The School for Ethics and Global Leadership

Family/Homecoming Weekend 2018: Conscience and Community

Date: Oct 17nd, 2018

What a jam-packed weekend!  Our 10th anniversary year started with a bang last weekend: hundreds of guests, top-notch speakers, insightful conversation, a sparkling rooftop Gala, and–of course–plenty of camaraderie between old friends and new!

The festivities began with two gatherings on Friday night (one for younger graduates and another for older graduates, family members, and friends).  At those events, Director of Graduate Affairs Robbie Ross and others publicized a Graduate Steering Committee to help prepare us for the celebration that will end our 10th anniversary year next October.

Then we awoke early on Saturday morning for a model English class taught by Academic Dean and English teacher Christian Starling.  Parents and friends (including a few thoughtful younger siblings!) worked through the SEGL-famous “Tennis Balls Speech” from Shakespeare’s Henry V, mixing journal reflections, discussion, textual analysis, and performance in an hour of reflective fun.

Following the model English class we sat together as a community and participated in one of the more remarkable conversations in SEGL history.  With Stephanie Wilkinson, owner of the Red Hen restaurant in Lexington, Virginia, as our “host,” we discussed, debated, and reflected on a remarkable leadership choice she made in June: to ask White House Press Secretary Sarah Huckabee Sanders to leave her restaurant because of her political advocacy.  Group by group, different parts of the SEGL community joined the traditional Family/Homecoming Weekend “Fishbowl” to offer their views.  Some thought Wilkinson had made the wrong decision, and some offered her high praise.  The conversation was classic SEGL: participants from across the political spectrum sharing views in good faith and learning from each other in the process.  After the discussion, Wilkinson offered high praise for the community and, for the first time, spoke publicly about her decision and the subsequent ordeal.

After a short intermission, the entire community returned in full force for our keynote panel: “Journalism in the Fake News Era” featuring two renowned investigative journalists, Michael Rezendes (senior reporter on the Spotlight news team at the Boston Globe) and Susanne Craig (investigative reporter at the New York Times who recently published the blockbuster story on President Trump’s finances).  The room was rapt from the beginning, when moderator Valeria Gonzalez (Fall 2017) asked each to describe the biggest ethical dilemma she or he had faced as a reporter.  After the 75-minute session, Rezendes Tweeted out the following:

Then it was time for lunch!  Our chef, Susana Heureaux, led a team of expert chefs in preparing a splendid meal of smoked ribs, chicken, cornbread, macaroni and cheese, cole slaw, plantain bread pudding, and more.  Old friends and new mingled as they scarfed down the meal, and then everyone headed back to the main auditorium for our Golden Mug Award ceremony.

Our 2018 honoree is Clark Neily, Vice President for Criminal Justice at the Cato Institute and co-counsel for the landmark 2008 Supreme Court case <em>DC v. Heller</em>.  Neily is a perennial SEGL favorite who often speaks with students about the Second Amendment and his commitment to the free exchange of ideas.  After grateful praise from SEGL Head of School Noah Bopp and Spring 2018 graduate Olivia Marwell, Neily offered kind words about SEGL and its students, as well as some thoughts on the current political climate.  After the standing ovation that followed his remarks, he was, as usual, surrounded by students and graduates wanting to engage him.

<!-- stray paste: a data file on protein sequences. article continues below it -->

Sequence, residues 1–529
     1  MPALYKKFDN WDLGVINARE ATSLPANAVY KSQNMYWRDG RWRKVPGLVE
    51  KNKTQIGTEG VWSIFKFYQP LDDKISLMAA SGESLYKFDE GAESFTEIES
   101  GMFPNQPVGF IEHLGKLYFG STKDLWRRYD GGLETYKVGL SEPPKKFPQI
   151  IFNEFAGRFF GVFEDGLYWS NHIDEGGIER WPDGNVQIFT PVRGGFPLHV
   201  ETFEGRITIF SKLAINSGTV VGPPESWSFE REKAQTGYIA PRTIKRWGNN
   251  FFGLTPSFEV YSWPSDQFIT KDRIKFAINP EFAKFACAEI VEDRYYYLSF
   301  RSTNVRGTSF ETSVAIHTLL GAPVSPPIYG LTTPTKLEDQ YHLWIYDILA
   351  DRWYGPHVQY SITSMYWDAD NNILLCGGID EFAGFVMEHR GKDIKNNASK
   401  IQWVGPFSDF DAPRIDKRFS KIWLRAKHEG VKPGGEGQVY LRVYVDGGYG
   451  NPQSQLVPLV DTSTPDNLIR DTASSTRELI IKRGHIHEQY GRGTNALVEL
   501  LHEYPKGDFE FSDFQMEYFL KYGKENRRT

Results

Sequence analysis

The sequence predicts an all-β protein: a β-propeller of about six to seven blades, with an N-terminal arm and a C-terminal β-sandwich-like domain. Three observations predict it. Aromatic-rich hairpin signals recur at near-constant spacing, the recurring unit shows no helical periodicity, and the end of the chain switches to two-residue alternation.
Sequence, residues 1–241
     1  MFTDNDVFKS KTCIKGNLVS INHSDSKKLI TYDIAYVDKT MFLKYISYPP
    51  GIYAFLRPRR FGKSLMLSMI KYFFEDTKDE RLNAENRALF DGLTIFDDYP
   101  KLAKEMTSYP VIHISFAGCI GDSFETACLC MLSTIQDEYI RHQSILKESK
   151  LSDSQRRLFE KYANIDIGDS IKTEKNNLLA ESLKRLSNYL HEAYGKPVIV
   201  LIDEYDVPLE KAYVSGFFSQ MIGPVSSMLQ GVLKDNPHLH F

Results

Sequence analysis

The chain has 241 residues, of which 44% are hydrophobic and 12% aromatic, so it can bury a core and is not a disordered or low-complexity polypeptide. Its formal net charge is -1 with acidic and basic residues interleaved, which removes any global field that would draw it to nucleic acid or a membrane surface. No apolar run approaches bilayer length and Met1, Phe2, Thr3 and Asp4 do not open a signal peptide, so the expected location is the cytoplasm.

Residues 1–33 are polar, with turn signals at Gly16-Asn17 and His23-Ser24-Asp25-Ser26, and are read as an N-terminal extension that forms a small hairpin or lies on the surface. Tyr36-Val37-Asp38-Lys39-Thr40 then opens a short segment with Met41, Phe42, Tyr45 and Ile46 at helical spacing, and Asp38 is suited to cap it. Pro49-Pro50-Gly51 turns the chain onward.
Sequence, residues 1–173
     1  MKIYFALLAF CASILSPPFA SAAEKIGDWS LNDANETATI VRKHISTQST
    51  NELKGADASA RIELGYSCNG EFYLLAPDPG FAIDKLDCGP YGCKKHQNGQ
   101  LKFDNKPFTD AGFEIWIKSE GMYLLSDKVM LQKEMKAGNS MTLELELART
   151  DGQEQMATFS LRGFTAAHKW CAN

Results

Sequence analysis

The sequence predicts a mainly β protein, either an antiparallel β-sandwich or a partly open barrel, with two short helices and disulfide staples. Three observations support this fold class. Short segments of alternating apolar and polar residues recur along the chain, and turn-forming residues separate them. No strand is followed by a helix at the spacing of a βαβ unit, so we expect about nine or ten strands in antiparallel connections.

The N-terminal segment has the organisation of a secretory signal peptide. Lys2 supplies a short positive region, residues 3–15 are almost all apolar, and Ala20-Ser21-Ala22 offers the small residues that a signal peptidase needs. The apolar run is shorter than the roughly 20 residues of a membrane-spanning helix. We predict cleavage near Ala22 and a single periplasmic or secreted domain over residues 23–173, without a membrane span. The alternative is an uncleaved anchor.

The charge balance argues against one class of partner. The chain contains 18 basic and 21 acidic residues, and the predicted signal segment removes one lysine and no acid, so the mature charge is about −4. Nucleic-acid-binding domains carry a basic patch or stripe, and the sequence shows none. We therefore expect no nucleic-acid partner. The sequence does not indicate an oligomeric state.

Following a brief break for more fellowship, Neily took the state for one of the more animated and memorable panels in Family/Homecoming Weekend history.  Together with an ideological opposite, Hayne Yoon from the Vera Institute, Neily offered both collegial and passionate insight into one of the more fraught topics in modern U.S. policy: criminal justice reform.  Hands flew skyward after each answer, and guests gathered around each speaker long after the panel finished.  Special thanks to Tamiya Fowler (Fall 2017) for moderating!

Later that night, the entire community came together for our Annual Gala atop the George Washington University’s Elliott School.  With sweeping views of DC’s monuments from a wraparound rooftop deck, we cam together to share updates, welcome new faces, and hear remarks from SEGL’s Founder and Head of School Noah Bopp.  Using a highlight from the current semester, Bopp spoke about the power of choosing conscience over authority, and the Latin root of conscience, which is a work meaning to know together.  He also announced a project to measure SEGL’s collective conscience, and its impact, in time for our 10th anniversary celebration at the close of this special year.

The next morning Bopp and new SEGL Board Chair (and founding trustee) Paige Cottingham-Streater led the 2018 State of the School conversation, which shared our successes, upcoming challenges, and plans for the future (including some exciting expansion updates).  And then, with a few tears, it was time to return home.

We’ll see you next year–our tenth anniversary–for an even more festive celebration.  Don’t miss it–mark your calendars for October 18-20, 2019!